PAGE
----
Update

African Connection links are now in the sidebar to the right, just below the My Travel section.

Click here to see a La Crosse Tribune article about the mission in Uganda.

Monday, March 23, 2009

An Open Letter to Lance Armstrong

Dear Lance,

News of your clavicle crushing cycling crash has caused concern and consternation here. I know that imitation is the sincerest form of flattery, but really, you shouldn't have. I'm slowly getting better and have been on the bike quite a bit recently. Still, it was a nice gesture and I appreciate the support.

They say you were coming down a narrow, rough-surfaced, rural European road. Sounds eerily familiar. It only took a hose in the road to bring me down. You, the professional that you are, needed fully 20 other riders to get you into that embarrassing handlebars-below-the-wheels orientation. And I do admire the attitude evidenced in your statement, "That's cycling. It's nobody's fault. Crashes happen all the time." That was my reaction - hose happens, you just have to get over it.

The picture of you sitting by the side of the road also brought back memories. There you are in that shoulder-favoring pose that says, "Try to move my arm and you'll be a week removing what's left of my bike from your..." But what you actually said was, "It's pretty painful." Yeah, I know the feeling. Too bad you didn't have an ENT surgeon with you as I did. They can do wonders with a couple of pair of tights. No, I mean using them to fashion a sling and brace. It really helped ease the pain. But remember when you get back out on the road again, make sure he goes down the hill first.

In another amazing parallel to our accidents, I hear you walked to the waiting ambulance. Me too. Except it was a station wagon. Driven by the local farmer's wife. I bet you had lights and sirens. Me? Not so much as a toot of the horn. Oh well, you are the big-name pro. And speaking of clinics as we are, the one where I've been treated is having a special program you might want to look into; it's called Taking Steps to Prevent Falls.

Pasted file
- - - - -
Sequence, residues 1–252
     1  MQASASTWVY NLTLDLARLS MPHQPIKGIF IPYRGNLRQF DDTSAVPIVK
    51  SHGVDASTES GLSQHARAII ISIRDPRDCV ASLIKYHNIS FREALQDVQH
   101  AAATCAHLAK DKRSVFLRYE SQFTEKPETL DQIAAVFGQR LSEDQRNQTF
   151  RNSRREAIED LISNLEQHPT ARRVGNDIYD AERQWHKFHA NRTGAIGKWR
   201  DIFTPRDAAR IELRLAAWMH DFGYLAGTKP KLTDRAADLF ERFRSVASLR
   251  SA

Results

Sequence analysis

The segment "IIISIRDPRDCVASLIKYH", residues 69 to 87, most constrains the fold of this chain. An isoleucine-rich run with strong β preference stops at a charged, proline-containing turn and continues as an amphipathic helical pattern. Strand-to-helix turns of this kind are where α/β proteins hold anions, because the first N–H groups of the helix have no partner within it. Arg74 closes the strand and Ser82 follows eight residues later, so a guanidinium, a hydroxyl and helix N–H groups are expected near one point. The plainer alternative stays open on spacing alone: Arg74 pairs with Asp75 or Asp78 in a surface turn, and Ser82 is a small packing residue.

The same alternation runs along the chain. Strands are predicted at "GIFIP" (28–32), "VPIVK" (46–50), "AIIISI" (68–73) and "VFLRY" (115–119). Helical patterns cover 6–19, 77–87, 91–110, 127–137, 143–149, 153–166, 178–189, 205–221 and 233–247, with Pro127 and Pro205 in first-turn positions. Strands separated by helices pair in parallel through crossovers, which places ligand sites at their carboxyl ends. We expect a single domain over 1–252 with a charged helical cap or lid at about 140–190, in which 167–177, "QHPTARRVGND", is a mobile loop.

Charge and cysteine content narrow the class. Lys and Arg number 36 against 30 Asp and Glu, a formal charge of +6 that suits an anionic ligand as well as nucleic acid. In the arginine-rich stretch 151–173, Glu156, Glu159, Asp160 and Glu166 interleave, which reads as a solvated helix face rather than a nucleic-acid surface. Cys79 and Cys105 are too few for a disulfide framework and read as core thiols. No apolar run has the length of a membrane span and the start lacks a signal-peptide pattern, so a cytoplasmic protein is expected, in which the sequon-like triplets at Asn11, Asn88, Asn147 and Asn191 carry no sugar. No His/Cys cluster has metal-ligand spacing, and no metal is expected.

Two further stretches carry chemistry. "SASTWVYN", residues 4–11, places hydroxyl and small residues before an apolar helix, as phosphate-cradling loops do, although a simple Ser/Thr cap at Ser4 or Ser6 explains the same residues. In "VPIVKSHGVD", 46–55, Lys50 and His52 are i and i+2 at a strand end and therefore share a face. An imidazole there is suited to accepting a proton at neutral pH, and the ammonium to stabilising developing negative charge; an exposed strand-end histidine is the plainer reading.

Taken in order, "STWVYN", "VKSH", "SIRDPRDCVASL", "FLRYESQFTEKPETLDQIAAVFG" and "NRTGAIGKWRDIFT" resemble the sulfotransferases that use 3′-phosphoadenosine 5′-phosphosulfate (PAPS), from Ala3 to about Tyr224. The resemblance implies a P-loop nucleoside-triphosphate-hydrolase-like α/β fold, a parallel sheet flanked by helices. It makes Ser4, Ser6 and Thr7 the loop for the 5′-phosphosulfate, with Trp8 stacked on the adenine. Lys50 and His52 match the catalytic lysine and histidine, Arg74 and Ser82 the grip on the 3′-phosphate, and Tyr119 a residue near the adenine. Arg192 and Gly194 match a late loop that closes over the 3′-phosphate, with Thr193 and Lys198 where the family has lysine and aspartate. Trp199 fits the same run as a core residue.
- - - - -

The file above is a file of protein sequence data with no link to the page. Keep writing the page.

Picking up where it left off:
I also read that Jacinto Vidarte, spokesman for the Vuelta Ciclista Castilla y Leon race, says you may be out for as long as three to four weeks. Not bad, as it took me that long to figure out how to get dressed in under 30 minutes. But hang in there. I was on the road two months after my crash. Rode 13.3 miles. Of course it was another 3 weeks before I got back on a bike again and then it was attached to the floor in my basement. But if you really work at it, you might get back in shape a little faster.

Say, did your Spanish doctor suggest an afternoon of surgery before you headed home? From my current perspective (sporting a "non-union" of the left clavicle) maybe you should have listened to him if he did. But, I'm sure you'll get the best of care and will soon be winging your way to a complete recovery. Even so, it seems we are facing similar issues in the immediate future. For instance, it doesn't look like you'll be able to compete in this year's Giro d'Italia. Me either. Bummer.

So you see, I know how you feel. Well, not how it feels to win Le Tour de France seven times. But I'm pretty sure we aren't too far apart on the broken clavicle thing. Next time you're in La Crosse, give me a call. We'll meet at the Bodega and compare x-rays.

Ride on,

Jack

P.S. I was really glad to see you were wearing your helmet.

4 comments:

Anonymous said...

Hard to be harassed by a hose, humbled by a hose . . . hard to be hosed!

Jack said...

Not THAT hard, as it turns out.

Missy said...

It appears your daughter acquires her adoration of alliteration from you!

Missy

hadassahrose said...

Haha!